The chart below tests the signaling effect of oil. Energy sector earnings move dramatically, but they’re usually a small piece of the pie. Therefore, comparing S&P 500 consensus EPS to oil is all about how company guidance affects analysts’ opinions versus how the economy affects oil prices. S&P 500 firms are global just like oil. The strong dollar hurts international profits and oil prices.
The rolling correlation has been mostly high this cycle besides the oil crash in 2014. Even though oil fell from 2014-2015 because of too much supply, it still predicted the ensuing global slowdown in 2015 and 2016. Some say it partially caused the slowdown because many emerging market economies rely on exporting oil. This chart explains why stocks and oil are highly correlated. Oil is volatile, but this record long 12 day decline is still a strong signal that global growth is weakening.
Earnings Estimate Weakness
Earnings estimates have been falling. That justifies the October correction in stocks and the current volatility in November. The good news is firms will have an easier time beating future estimates. The bad news is these estimates are based on poor guidance, so companies would need to be wrong. Firms have been wrong before, but the hawkish Fed, tariffs, the end of the fiscal stimulus’ effects, and slowing global growth are making it more likely growth will surprise to the downside instead of the upside.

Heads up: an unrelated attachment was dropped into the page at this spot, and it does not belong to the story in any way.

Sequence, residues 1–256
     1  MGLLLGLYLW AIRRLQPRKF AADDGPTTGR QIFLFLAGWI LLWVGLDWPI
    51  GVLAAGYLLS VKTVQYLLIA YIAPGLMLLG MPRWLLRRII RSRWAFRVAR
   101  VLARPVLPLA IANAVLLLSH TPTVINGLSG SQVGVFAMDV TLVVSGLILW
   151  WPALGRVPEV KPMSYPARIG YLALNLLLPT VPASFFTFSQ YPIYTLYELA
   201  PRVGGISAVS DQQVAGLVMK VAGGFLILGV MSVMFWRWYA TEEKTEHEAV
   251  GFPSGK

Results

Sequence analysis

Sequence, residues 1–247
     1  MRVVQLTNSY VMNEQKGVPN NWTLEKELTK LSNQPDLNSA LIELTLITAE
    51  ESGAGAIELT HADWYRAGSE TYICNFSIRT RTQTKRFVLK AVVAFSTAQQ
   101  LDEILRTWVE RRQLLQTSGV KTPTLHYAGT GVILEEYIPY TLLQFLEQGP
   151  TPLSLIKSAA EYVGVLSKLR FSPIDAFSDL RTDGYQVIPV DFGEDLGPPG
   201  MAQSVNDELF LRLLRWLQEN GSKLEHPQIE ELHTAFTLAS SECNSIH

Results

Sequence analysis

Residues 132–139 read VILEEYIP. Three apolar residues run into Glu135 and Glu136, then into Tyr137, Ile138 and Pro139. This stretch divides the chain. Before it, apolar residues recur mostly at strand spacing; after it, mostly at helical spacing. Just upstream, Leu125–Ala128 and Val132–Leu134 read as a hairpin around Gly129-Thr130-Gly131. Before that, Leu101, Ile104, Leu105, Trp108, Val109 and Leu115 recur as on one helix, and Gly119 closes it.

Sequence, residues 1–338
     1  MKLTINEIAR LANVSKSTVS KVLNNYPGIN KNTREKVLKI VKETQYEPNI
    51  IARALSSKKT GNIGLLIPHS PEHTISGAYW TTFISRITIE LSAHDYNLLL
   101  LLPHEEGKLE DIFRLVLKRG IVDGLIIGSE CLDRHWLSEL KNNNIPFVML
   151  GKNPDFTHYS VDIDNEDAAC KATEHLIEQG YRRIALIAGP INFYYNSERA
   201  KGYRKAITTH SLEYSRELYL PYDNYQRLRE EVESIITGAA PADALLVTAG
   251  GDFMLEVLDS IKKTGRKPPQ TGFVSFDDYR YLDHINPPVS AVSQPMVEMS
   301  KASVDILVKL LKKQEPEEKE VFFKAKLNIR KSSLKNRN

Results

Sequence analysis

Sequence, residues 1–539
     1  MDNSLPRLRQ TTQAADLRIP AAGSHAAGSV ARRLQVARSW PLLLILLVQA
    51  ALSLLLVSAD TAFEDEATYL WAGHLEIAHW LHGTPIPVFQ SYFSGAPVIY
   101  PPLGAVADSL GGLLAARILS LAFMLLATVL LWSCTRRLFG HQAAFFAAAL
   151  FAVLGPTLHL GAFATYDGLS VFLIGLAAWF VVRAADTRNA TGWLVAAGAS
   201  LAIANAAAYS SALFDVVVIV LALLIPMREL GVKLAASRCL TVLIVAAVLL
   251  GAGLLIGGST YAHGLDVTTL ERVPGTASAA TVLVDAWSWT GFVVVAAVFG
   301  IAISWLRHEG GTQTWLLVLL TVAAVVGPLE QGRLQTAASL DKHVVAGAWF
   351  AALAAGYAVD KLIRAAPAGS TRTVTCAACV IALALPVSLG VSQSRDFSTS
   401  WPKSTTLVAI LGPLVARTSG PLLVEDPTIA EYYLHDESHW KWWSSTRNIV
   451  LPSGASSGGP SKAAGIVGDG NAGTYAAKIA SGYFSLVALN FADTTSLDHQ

As you can see from the table below, with over 90% of S&P 500 firms reporting Q3 results, year over year EPS growth was an amazing 30.44%.
Q4 faces much tougher comparisons and a slowing economy which explains why estimates are for less than half Q3’s growth rate. Estimates have fallen 2.05% in just 13 days. The estimates for Q1 have much less to fall before hitting negative. They are down 1.69% since October 1st. The biggest recent weakness is in Q2 estimates as they fell 1.01% from last week. A few more declines like that will push growth negative.
The chart below shows stocks rebounded in November even as estimates started to decline. We have seen declining estimates throughout this bull market outside of the increase from the tax cuts. The key is for earnings growth to remain positive. For example, if full year estimates start at 10% and come in at 6%, the bull market should continue.
The left chart below shows the 3 month guidance ratio is below 1 as more firms are guiding below the consensus than above it.
The volatile 1 month ratio is at about 0.5. The chart on the right shows the estimates for 2019 earnings are starting to fall. This increases the forward PE multiple. If S&P 500 firms earn $176 in 2019, the PE ratio is 15.47.
The strong jobless claims don’t tell us a bear market is coming, but the modest weakness in the manufacturing ISM report supports the latest correction in stocks. The 30 year yield minus the 10 year yield could be forecasting a recession soon if the curve steepens. Earnings estimates have been falling sharply. It’s still not enough weakness to justify a bear market, but it does justify the latest volatility in stocks.